Lauren Tepper

www.breathtakingspace.com

917-902-4649

December 2011 for http://www.yogacitynyc.com/

The Accidental Raw Foodist

I didn’t choose a raw foods lifestyle; it chose me. In fact, if someone had suggested years ago that I would become a raw foodist, I would have laughed them out of town. What could be more wholesome than cooked fare like bread fresh from the oven, or a big bowl of soup? Well, chew on this: salad. As I’ve gradually developed a taste for all things green and crunchy, I’ve not only reaped many health benefits, but also witnessed dramatic personal transformations and a profound deepening of my yoga practice.

Before I elaborate on that, you may be wondering exactly what a raw diet entails. The answer varies for each person, but for me now the bulk of my diet consists of fresh organic fruits, vegetables, sprouts, nuts and seeds, plus occasional portions of sprouted beans and grains.

Why eat raw? According to many nutritional experts, raw fruits and vegetables have a higher nutrient content than cooked food. They’re also high in antioxidants and easier to digest than cooked food. Raw fruits and vegetables are loaded with enzymes, vitamins, minerals, protein, fiber, and oxygen. They also have a high water content compared to many cooked and processed foods. A raw food diet, done properly, gives our bodies everything we need to function most efficiently. 

Oddly enough, all these reasons were not what originally propelled me into this new lifestyle. It was a man dancing on a beach (ah, that’s another story!) who turned out to be not only my life partner but also a raw foodist. At first I would sneak some pizza or a sugar fix after his thoughtfully prepared dinners. But to my surprise, this strange new way of eating began to grow on me. Now I actually love and crave these life-enhancing foods.

As I became more consistent with eating raw I felt incredibly good, vibrant and energetic. My muscles became leaner and less bulky but stronger than ever, allowing me to move effortlessly into poses like Malasana (garland) and Mayurasana (peacock pose) that used to seem unattainable. A lot of the health problems that used to plague me such as headaches, colds, joint pain, and sinus congestion became memories from the past. As my body’s nutritional needs were more satisfied by my diet, my cravings for unhealthy foods diminished. I began to break free from compulsive habits like late-night snacks and mid-afternoon coffee breaks. My mind grew clearer and more calm. Meditation became something I often wanted to do, rather than a chore.

In spite of all these benefits, I was not chomping at the bit to become a raw foodist. It’s amazing how many social occasions center around eating, and it was a challenge for me to maintain this lifestyle and still stay connected with friends and family. I wanted to ‘have my cake and eat it too,’ so to speak, enjoying raw food when it suited me, and then dipping back into indulgences like baked goods or a nice greasy plate of French fries when the mood struck me. What finally transformed me from ‘accidental’ to intentional raw foodist was my wise body. Rebelling against the yo-yo-ing from one extreme to another, my digestive system shut down. I will spare you the gory details, but let’s just say it wasn’t pretty. Googling ‘raw foods detox symptoms’ turns up a long list – and I had pretty much all of them, all at once! At first I wasn’t sure what was happening to me; I’m not exaggerating when I say I thought I was dying.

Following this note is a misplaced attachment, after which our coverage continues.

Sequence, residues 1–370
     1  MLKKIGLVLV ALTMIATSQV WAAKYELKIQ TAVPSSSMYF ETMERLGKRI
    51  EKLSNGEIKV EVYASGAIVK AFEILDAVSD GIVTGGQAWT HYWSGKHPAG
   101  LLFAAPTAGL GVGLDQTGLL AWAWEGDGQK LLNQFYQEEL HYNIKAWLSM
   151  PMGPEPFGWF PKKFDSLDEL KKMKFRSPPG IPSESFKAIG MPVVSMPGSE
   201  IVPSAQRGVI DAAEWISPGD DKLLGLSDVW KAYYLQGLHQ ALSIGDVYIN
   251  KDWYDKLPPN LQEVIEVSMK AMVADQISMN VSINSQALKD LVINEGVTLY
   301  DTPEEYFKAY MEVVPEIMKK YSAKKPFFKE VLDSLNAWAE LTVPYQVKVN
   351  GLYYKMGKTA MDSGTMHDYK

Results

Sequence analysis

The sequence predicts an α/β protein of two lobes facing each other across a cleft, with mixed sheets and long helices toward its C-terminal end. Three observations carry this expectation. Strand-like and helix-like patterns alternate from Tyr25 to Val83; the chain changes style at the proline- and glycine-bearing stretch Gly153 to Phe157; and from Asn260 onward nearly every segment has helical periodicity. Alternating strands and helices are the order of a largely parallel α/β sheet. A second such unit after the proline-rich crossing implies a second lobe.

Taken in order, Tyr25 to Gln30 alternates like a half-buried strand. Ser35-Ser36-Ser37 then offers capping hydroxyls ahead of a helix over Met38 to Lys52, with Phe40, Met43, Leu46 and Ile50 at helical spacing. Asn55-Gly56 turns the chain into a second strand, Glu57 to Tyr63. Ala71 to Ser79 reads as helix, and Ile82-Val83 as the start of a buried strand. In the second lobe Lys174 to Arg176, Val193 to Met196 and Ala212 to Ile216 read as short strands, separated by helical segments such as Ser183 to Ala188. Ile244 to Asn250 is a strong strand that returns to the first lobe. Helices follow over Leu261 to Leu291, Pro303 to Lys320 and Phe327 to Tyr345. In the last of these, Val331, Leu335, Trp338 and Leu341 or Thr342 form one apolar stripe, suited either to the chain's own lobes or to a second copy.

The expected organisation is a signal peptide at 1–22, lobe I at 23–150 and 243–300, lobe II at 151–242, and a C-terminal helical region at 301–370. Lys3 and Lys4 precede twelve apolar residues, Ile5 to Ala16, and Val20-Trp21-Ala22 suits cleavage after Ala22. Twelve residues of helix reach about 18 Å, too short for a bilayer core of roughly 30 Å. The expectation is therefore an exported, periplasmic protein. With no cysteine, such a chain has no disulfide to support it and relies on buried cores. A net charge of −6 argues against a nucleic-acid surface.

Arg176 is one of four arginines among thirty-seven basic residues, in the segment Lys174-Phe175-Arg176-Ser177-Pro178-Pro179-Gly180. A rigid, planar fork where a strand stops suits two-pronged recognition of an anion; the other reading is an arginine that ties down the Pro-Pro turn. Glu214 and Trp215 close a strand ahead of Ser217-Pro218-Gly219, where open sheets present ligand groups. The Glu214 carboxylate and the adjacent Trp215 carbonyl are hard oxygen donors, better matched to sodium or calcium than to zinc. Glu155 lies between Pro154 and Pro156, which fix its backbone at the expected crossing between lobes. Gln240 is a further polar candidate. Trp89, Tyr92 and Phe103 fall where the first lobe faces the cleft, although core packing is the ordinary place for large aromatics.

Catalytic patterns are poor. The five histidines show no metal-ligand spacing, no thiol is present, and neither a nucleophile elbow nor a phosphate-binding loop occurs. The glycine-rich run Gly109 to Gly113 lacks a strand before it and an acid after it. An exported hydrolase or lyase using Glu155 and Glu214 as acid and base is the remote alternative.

I’ve come to learn that eating raw is a powerful lifestyle change, and it allows the body to release toxins it may have been holding for years. Imagine a house that’s never been well cleaned. It may not look so bad on the surface, but once you start moving the furniture accumulated gunk is revealed.

Fortunately I fell into the hands of nutritional expert Fred Bisci (who lives right here on Staten Island, of all places!). One thing I’ve learned from him is the importance of consistency. Under his guidance, I realized that raw food for me was more than a way of eating; it was a doorway into a new way of life – one that I had been simultaneously seeking and resisting.  

The yamas and niyamas always looked good on paper, but living them consistently always seemed like a project for a future life. Changing my diet fired up my discipline and will power to make healthy choices more a part of my everyday life. It’s been a big shift, eating to satisfy my body’s needs rather than my mind’s cravings for stimulation and distraction. This leads me toward the freedom and peace of mind that Patanjali sets out as the culmination of the yoga practice.

If you want to explore raw foodism there are many great resources. Some of my personal faves: East Tenth Street between Avenue A and First Avenue sports three raw food havens where you can learn about, sample, and savor raw fare (Quintessence, the Juice Press, and Live Live). There are a number of web sites dedicated to raw foods, including Fred Bisci’s site www.fredbisci4health.com and Matt Monarch’s marketplace at http://www.therawfoodworld.com/ . Beware: dipping your toes into this lifestyle can lead to diving in! Happy swimming…